- Simplify. Make the process of leaving a review as simple as possible. Create a Google review link that takes users directly to the review interface for your business. Put this link on your website, in your email signatures, and in your social media profiles. To get it, click “write a review” from your Google My Business profile and copy the URL.
- Educate. If a customer doesn’t know how to leave a review on Google, they are less likely to do so. Educate them on the process in person, in email, and online. (All they have to do is click the link you give them, choose a star rating and enter their comments—it’s easy.)
- Plan. Timing is everything. Find the sweet spot between when a customer has had the chance to try your products or service and when their experience has faded from memory. Once you’ve figured the optimal window, train your staff on when and how to ask. Use reminder apps, your CRM or organizational calendar.
- Integrate. Use your existing campaigns like emails to ask for reviews by embedding a link and a call-to-action.
- Managing your reviews. Congratulations! You’ve got Google reviews. Now you’ll need to know how to manage them. Follow these tips to maximize their power.
- Respond regularly. Make a habit of responding to all customer feedback, positive and negative. The practice makes reviewers feel that their opinions are important, and encourages others to leave their reviews. It also shows potential customers that you’re a company that’s engaged with its customer base. A full 26% of respondents to a recent survey said that it’s important that local businesses respond to reviews.
- Keep it simple. Keep your responses brief, polite, and positive. Thank all reviewers for their feedback.
- Turn negatives into positives. Dealing with negative reviews can be tricky but done right, it can actually improve your reputation. Best practices include inviting one-to-one contact via email or business phone, offering to investigate, maintaining honesty, and apologizing for mistakes. Be courteous, calm, and helpful, and strive to offer a personal touch by signing off with a name or initials. Customers who had negative experiences but a positive customer service follow-up will sometimes leave a follow-up review. From a business perspective, this is gold. It shows that your company can be trusted when it comes to customer care.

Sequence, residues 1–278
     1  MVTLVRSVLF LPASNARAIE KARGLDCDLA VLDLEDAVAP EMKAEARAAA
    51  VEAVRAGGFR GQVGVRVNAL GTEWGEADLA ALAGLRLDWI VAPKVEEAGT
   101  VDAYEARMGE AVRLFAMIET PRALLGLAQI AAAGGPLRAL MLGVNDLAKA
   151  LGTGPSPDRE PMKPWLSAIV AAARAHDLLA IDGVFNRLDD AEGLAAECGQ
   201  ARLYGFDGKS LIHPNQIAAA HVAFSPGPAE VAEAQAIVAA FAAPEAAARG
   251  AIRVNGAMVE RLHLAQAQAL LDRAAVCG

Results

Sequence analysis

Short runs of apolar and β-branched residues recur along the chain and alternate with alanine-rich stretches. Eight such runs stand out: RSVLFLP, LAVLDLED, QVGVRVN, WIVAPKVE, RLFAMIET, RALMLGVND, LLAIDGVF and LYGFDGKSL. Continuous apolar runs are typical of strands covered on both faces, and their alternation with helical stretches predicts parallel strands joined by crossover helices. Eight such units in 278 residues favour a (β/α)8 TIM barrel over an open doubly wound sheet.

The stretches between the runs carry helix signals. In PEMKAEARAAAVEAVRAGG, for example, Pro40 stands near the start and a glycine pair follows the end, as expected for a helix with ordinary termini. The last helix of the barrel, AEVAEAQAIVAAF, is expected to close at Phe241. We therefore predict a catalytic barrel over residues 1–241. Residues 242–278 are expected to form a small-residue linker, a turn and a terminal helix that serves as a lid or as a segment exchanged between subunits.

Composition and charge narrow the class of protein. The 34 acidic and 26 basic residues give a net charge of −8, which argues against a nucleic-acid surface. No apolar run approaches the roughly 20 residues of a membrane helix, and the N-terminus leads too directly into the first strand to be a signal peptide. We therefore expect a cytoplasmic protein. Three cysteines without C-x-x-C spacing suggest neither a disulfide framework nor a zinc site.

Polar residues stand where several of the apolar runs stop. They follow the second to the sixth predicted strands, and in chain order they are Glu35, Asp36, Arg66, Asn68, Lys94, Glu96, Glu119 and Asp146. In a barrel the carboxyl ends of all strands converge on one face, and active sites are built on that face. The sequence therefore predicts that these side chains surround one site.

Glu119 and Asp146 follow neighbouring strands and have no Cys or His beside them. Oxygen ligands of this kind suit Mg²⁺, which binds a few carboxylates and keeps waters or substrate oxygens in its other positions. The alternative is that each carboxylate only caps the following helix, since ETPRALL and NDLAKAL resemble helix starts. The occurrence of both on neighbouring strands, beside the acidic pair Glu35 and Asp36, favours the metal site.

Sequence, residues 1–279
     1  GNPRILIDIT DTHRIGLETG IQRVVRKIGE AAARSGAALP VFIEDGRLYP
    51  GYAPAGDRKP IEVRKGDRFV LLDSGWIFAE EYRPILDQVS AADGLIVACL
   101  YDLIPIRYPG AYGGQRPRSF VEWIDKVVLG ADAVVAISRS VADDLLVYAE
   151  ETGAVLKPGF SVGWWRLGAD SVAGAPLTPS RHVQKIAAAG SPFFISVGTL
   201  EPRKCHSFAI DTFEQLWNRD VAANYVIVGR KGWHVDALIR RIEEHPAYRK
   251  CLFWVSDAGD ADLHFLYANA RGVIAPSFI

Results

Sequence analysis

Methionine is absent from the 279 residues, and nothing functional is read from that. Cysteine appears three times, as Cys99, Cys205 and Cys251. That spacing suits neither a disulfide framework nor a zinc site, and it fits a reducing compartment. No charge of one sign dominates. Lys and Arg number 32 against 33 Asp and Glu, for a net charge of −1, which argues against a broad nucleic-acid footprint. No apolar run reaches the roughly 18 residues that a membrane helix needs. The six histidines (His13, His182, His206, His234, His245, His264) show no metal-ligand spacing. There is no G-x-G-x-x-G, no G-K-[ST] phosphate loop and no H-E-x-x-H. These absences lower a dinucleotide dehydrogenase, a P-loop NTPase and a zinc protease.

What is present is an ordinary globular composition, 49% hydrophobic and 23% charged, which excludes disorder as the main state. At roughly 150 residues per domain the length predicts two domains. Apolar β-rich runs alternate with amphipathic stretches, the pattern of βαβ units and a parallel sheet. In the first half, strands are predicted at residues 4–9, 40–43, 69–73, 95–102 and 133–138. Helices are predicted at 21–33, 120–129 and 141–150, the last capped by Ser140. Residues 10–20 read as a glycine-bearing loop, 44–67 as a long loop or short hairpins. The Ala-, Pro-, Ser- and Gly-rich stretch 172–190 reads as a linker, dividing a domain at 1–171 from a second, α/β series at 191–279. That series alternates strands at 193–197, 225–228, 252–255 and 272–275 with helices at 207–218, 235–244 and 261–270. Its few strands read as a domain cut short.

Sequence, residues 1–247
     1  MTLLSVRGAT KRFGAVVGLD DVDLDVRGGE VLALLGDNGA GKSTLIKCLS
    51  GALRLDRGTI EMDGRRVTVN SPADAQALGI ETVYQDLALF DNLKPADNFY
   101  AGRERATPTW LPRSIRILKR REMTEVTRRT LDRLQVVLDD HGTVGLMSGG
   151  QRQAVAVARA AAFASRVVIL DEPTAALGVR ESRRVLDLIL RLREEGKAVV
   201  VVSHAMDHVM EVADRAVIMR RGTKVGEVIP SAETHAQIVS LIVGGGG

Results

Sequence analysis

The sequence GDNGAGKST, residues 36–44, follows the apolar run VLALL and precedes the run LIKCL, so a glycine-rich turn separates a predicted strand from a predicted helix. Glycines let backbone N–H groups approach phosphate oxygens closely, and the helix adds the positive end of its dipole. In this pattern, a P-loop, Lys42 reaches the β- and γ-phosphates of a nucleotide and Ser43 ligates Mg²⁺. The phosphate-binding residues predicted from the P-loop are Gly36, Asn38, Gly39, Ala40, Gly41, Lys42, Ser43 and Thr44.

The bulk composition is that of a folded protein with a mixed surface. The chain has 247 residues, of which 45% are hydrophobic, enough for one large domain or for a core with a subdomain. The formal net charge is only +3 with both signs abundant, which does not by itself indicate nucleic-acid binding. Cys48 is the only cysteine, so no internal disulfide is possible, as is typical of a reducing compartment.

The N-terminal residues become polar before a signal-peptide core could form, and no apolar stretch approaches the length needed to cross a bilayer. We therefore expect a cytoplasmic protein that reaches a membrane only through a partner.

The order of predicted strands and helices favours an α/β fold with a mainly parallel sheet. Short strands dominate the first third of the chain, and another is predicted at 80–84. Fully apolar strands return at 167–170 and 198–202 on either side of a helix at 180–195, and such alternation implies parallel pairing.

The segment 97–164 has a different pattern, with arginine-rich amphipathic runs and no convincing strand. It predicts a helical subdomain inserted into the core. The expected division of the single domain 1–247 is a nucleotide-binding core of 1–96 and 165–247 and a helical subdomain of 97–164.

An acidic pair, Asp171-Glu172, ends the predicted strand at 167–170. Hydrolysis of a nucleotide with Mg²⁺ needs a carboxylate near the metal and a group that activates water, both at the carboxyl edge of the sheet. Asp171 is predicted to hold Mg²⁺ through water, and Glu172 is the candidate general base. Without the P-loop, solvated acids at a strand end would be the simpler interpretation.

Google reviews are a free and easy way to strengthen your company’s reputation, drive traffic, and monitor your services. Dedicating just a little bit of attention to your reviews can translate into massive business gains. Learn the art of the ask (and the art of the follow-up) for the best results.
What is a bad debt expense, and how to calculate it?
What is a bad debt expense?
When a buyer doesn’t pay in full, you can make a note of the amount you’re unable to recover in your business’ financial record. This is a bad debt expense.
Unfortunately, dealing with non-paying buyers is a common problem among small- and medium-sized businesses in Canada. The best way to protect yourself is to accurately record your losses to contain the damage.
Why should I keep track of bad debt expenses?
When you invoice a buyer for their purchase, it’s recorded as a sale in your books. If you’re not paid for that transaction, your overall revenue is actually less than indicated by your accounts–and you have to pay tax on your revenue. When you record unrecovered income as a bad debt expense, you officially remove all or part of that sale from your revenue which means that you won’t have to pay tax on it. This is entirely fair and legal–you don’t pay tax on income earnings you never received.
How to calculate your bad debt expenses